• Demarcate and control access to areas where asbestos is present
  • Provide working respirators to employees who work in such areas

Mine Safety and Health Administration (MSHA)

Similar to OSHA, the MSHA implements regulations and sets standards to help keep miners and those who work at mining sites safe from the dangers of asbestos, as well as other dangerous substances.

As with other companies that use or manufacture asbestos products, mining organizations are required to:

  • Monitor asbestos levels
  • Limit miners’ exposure to asbestos
  • Provide respirators to employees who work in asbestos-infested areas

Consumer Product Safety Commission (CPSC)

The CPSC is responsible for overseeing the use of asbestos in commercial products. In particular, the CPSC uses authority from the Consumer Product Safety Act to institute bans and issue recalls on products that are deemed to have a substantial or unreasonable risk of injury or death to the general public.

The main asbestos products that the CPSC has banned include:

  • Patching compounds
  • Textured paint
  • Artificial fireplace ash

All of the banned products can result in free-form asbestos becoming airborne.

The CPSC has oversight for items like toys and other products. The agency is responsible for issuing recalls on such products.

Examples of CPSC recalls include:

  • 2015: Asbestos was found in crayons and toy forensic kits
  • 2018: Asbestos-contaminated talcum powder was found in children’s makeup kits
03. Proposed Legislation

Proposed Federal Legislation

Existing legislation around asbestos is well established. Some groups continue to push for additional laws to strengthen asbestos bans. While advocates push for more bans, the asbestos industry is continually trying to reduce the number of regulations against the mineral.

Two major pieces of legislation considered by federal lawmakers that could have drastically impacted the future of asbestos law include:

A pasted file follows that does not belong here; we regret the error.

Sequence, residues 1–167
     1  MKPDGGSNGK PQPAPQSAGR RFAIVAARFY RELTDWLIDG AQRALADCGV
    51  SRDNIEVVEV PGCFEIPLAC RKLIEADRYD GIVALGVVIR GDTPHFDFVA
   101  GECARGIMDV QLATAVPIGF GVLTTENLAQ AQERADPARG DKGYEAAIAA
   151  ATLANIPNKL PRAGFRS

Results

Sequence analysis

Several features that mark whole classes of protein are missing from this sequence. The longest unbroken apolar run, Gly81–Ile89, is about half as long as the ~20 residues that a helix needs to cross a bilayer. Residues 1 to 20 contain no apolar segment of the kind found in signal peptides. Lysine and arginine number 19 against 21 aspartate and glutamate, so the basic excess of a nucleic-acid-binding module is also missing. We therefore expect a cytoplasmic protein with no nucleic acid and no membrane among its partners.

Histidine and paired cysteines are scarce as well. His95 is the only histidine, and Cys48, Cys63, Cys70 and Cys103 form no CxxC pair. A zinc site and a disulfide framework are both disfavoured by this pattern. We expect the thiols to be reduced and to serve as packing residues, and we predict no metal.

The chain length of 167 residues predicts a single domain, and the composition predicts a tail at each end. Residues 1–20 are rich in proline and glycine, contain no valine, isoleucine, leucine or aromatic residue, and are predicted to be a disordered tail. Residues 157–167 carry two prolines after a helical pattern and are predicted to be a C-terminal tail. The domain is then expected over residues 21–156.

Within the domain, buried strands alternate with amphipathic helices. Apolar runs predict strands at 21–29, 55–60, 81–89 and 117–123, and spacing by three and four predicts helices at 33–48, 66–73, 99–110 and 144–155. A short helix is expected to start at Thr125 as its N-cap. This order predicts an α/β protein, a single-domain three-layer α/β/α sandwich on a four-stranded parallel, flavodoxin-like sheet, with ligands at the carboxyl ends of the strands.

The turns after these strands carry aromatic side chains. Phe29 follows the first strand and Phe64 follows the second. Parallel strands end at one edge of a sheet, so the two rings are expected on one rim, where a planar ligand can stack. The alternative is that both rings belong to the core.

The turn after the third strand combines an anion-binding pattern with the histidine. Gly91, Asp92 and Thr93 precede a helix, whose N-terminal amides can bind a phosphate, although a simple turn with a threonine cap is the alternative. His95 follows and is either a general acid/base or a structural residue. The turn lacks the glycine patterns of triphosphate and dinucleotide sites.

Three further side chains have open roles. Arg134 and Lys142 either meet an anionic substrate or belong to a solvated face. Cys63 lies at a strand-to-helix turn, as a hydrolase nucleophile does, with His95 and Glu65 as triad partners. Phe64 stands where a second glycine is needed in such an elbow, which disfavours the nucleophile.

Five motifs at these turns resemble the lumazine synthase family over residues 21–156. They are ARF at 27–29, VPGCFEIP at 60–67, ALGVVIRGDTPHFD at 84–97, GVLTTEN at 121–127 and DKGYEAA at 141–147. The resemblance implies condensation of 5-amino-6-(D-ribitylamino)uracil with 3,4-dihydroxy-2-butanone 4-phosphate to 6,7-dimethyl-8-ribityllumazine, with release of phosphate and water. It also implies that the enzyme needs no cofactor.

• Further Asbestos Claim Transparency (FACT) Act
  • Reducing Exposure to Asbestos Database (READ) Act

Furthering Asbestos Claim Transparency (FACT) Act

Supported by the asbestos lobby, the FACT Act claims to be an attempt to expose fraud by victims of asbestos exposure. For decades, asbestos companies faced little blame for wrongfully exposing veterans, employees, consumers and others to asbestos. Despite that, the companies are now concerned about implementing “fairness” and “transparency” to the asbestos litigation process.

In reality, the FACT Act denies justice to victims of asbestos exposure. If implemented, the act would require the details of settlements between asbestos victims and asbestos companies to be reported. This would include providing many details about asbestos victims in a publicly readable report. Extremely personal information such as medical records and partial Social Security numbers would be included in the public report.

This legislation was passed in the United States House of Representatives but did not pass in the Senate.

Reducing Exposure to Asbestos Database (READ) Act

Another piece of legislation is the READ Act. This act aims to update the AIA (described above) to bring awareness of asbestos-containing products into the new millennium.

Specifically, the READ Act would create a new, publicly accessible database of products that contain asbestos.

This database would be searchable through a website interface and would include detailed information about the asbestos-containing products, including:

  • Model information
  • Manufacturer information
  • Other relevant details

This piece of proposed legislation has been endorsed by the leaders of the Asbestos Disease Awareness Organization (ADAO) and the Environmental Working Group (EWG).

Since its proposal in 2015, the READ Act has been stagnant in Congress. As of 2020, the bill has been read twice in Congress and referred to the Committee on Environment and Public Works. Despite this, no action has been taken.

04. State Laws and Regulations

State Asbestos Laws and Regulations

Federal laws and regulations are not the only pieces of legislation that govern asbestos. For example, one of the most important aspects of state asbestos laws is statutes of limitations, which vary by state.

Individual states also have their own rules related to asbestos, which while informed by federal laws, can sometimes differ in important ways.

State Management of Asbestos Regulations

Although New Jersey is the only state that has banned asbestos, a handful of states have enacted strict fines. Fines are in place to curb the use of products containing the mineral.

For instance, in Kansas, those found in violation of the state’s asbestos laws are fined up to $5,000 for each offense. In Hawaii, the cost is higher. Those who violate the Hawaiian asbestos laws are fined up to $10,000.

State-related legislation and regulations are largely focused on the management of existing products. They do not target the manufacturing of new asbestos materials. The Asbestos Hazard Emergency Response Act (AHERA), for example, deals with existing asbestos concerns.

AHERA also tasks the EPA with developing a model plan for states to accredit asbestos inspectors and those correcting asbestos risks in schools. AHERA is one example of making individual states responsible for asbestos risk management.